If you’re a newbie to the event (like I was), I found that a ridiculous amount of planning the ride helped me, from hours of sunset/sunrise, hours of battery needed for GPS and lights, backup maps etc. etc. and having a full size route plan drawn up with likely pace and water/food points if required. Whilst anything can happen on the actual ride, knowing that I’d done as much prep as possible meant I could not worry about it on the ride and just get on with it – I let the plans change then.

Chris Reeves

Expect wet feet (merino socks and fast draining shoes are good).
Gabriel Mak

Think about resupply, what’s the last shop you’ll pass during opening hours?
Johnny Storm

Bringing high calorie food is good, but remember salts/electrolytes. I didn’t last year, and would have failed if it weren’t for a fellow rider having marmite cashews.
Gabriel Mak

To finish first … first you have to finish. Start at a comfortable pace and keep going. No point blowing up after 5 hours.
Chew


Do at least one night ride before you do a BB 200.

Roy Brooks

Take plenty of easily accessed snacks, if they’re a faff to get hold of you’ll not bother and run on empty.

Johnny Storm

Check the map twice, turn once. Don’t waste time/energy getting lost.

Chew

That rock in the middle of the track at 3am is likely to be a cow.

Johnny Storm

If you want to finish faster, stop less. Sounds obvious, but these 5 mins here and there soon add up to an hour or so.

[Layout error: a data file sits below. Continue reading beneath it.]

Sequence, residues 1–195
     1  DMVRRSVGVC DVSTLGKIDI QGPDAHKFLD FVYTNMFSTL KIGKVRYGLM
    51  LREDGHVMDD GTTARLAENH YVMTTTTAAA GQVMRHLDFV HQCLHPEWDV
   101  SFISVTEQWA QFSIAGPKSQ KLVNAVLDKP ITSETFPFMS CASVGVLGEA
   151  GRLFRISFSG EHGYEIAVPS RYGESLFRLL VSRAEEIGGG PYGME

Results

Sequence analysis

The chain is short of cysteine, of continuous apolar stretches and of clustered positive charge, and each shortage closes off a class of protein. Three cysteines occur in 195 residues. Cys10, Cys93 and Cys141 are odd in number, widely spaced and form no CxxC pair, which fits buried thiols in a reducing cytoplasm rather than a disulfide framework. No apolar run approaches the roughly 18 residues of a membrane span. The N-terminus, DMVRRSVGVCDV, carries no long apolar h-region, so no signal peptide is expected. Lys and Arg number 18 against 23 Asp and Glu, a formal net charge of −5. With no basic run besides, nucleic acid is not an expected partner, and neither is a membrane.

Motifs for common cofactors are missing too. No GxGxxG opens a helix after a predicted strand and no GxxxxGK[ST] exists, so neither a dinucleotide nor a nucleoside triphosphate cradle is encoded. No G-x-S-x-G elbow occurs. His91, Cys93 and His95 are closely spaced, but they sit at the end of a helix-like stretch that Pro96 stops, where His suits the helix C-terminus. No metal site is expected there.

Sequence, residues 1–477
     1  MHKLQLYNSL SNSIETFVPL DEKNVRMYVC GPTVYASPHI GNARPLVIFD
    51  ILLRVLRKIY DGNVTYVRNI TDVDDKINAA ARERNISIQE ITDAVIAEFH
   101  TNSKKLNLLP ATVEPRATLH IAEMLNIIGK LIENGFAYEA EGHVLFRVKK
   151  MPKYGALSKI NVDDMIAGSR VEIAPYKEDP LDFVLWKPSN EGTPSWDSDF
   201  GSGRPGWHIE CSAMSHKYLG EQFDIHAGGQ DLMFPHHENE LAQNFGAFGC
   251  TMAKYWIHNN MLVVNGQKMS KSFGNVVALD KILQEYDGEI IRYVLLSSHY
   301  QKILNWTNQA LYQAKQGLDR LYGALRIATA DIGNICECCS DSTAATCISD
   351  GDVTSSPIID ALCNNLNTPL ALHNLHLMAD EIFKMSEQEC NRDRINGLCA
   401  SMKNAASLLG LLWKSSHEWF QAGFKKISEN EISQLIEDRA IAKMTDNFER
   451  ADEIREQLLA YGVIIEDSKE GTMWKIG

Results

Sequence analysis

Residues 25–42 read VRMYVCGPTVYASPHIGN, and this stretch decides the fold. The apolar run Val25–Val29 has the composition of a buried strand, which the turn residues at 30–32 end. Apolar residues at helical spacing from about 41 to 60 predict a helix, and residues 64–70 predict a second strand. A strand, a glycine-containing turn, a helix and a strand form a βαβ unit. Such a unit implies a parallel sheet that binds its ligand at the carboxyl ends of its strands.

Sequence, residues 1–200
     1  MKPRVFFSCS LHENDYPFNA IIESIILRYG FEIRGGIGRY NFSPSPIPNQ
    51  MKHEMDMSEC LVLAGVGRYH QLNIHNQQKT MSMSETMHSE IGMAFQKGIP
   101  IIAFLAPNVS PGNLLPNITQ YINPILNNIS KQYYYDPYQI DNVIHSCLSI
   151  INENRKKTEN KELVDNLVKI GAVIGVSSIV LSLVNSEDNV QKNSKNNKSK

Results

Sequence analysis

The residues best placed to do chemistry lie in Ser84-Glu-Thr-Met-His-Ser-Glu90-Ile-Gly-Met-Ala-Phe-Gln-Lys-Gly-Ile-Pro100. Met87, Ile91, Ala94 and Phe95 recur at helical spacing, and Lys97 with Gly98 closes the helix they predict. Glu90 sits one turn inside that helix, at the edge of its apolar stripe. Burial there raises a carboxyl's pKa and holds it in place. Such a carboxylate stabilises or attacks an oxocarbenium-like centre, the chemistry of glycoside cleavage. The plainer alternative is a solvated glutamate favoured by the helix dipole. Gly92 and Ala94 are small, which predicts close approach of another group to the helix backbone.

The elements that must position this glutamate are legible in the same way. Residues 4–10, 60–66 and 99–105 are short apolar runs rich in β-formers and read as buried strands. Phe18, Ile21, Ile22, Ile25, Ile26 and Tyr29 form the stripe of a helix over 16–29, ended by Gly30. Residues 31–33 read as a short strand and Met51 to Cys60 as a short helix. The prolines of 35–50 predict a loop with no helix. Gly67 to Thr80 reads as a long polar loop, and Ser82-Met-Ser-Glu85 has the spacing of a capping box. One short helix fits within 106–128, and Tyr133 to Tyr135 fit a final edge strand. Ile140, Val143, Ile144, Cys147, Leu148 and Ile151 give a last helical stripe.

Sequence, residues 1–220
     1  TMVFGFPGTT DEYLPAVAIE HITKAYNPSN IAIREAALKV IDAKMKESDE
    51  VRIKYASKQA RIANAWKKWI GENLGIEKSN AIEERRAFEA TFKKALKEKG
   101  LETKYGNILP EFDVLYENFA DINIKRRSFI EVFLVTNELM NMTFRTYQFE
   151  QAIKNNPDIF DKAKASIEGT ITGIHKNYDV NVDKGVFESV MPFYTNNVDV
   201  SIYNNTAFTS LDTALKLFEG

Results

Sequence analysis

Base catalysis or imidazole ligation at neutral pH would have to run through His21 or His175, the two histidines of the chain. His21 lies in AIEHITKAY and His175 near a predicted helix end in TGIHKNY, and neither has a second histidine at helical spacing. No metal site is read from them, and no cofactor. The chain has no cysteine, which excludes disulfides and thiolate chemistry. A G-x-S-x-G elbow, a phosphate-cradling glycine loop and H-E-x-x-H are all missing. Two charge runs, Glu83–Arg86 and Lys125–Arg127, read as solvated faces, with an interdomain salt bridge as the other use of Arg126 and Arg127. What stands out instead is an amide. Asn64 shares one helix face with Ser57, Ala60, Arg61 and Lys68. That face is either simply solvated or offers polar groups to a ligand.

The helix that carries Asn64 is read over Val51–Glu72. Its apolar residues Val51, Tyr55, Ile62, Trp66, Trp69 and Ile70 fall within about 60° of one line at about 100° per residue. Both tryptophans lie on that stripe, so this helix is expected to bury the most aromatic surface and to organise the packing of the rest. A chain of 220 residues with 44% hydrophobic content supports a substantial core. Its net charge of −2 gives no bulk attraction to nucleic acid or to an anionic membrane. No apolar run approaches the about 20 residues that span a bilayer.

Chew

If you can’t pedal, push…  It’s still moving forward.
Simon Darby

Don’t be tempted to stop at the pub, keep riding. Its warm and they have beer but your legs won’t thank you for it afterwards. 

Chew

Keep pedalling, keep pedalling…  Every turn of the cranks is progress… You are always reducing the distance to the finish.

Simon Darby

If you want to finish in under 24 hours make sure that stopping will be as uncomfortable as possible … take a summer sleeping bag and no sleeping mat.
Norm

You don’t have to have all the “gear” to take part. The most important piece of equipment is your attitude. I entered BB200 2013 having only done the WRT before. I had no idea if I could ride over 100 miles in 24 hours (or at all)! Fact is, I did it, and did it better than I ever thought I would or could … Have a go you might surprise yourself.

Simon Darby

And the last words of wisdom go to Greenmug … although I would advise a little caution if you don’t think you’re the fastest of riders ;o)


I was a newbie last year and I arrived at this bike-packing event expecting an overnight camp and equipped with enough food and water to see me through the course. It turns out my camping equipment weighed more than some people’s whole bike setup. I carried and returned to the car over 1KG of food. So my advise is to carry only what is absolutely necessary. Mandtory kit, things that will keep you alive and food that you know you will eat after 20 hours of hard effort. If you can survive without it, you probably don’t need to pack it. Think of the BB200 as a bike-not-packing event.

Ian Nightingale

A big thank you to everyone who took the time and trouble to submit their tips … I’m sorry you had to relive it all over again! 


Mike Davis has written an article about last years BB 200 … you can find it in the June (issue 30) issue of Outdoor Fitness Magazine.